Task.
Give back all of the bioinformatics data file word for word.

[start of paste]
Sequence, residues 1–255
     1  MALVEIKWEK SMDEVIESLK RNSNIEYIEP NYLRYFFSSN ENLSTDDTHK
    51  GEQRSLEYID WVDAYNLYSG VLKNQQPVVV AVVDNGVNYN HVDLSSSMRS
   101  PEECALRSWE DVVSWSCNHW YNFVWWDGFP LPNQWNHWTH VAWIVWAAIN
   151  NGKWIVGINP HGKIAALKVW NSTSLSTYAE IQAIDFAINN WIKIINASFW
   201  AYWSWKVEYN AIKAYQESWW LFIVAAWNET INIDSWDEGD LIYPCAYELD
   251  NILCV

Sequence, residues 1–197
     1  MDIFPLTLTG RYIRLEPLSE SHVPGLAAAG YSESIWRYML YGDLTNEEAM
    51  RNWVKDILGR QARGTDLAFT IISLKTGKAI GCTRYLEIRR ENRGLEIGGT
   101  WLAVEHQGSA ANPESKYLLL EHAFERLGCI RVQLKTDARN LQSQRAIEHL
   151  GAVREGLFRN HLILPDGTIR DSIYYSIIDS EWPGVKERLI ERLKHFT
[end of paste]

Sequence, residues 1–255
     1  MALVEIKWEK SMDEVIESLK RNSNIEYIEP NYLRYFFSSN ENLSTDDTHK
    51  GEQRSLEYID WVDAYNLYSG VLKNQQPVVV AVVDNGVNYN HVDLSSSMRS
   101  PEECALRSWE DVVSWSCNHW YNFVWWDGFP LPNQWNHWTH VAWIVWAAIN
   151  NGKWIVGINP HGKIAALKVW NSTSLSTYAE IQAIDFAINN WIKIINASFW
   201  AYWSWKVEYN AIKAYQESWW LFIVAAWNET INIDSWDEGD LIYPCAYELD
   251  NILCV

Sequence, residues 1–197
     1  MDIFPLTLTG RYIRLEPLSE SHVPGLAAAG YSESIWRYML YGDLTNEEAM
    51  RNWVKDILGR QARGTDLAFT IISLKTGKAI GCTRYLEIRR ENRGLEIGGT
   101  WLAVEHQGSA ANPESKYLLL EHAFERLGCI RVQLKTDARN LQSQRAIEHL
   151  GAVREGLFRN HLILPDGTIR DSIYYSIIDS EWPGVKERLI ERLKHFT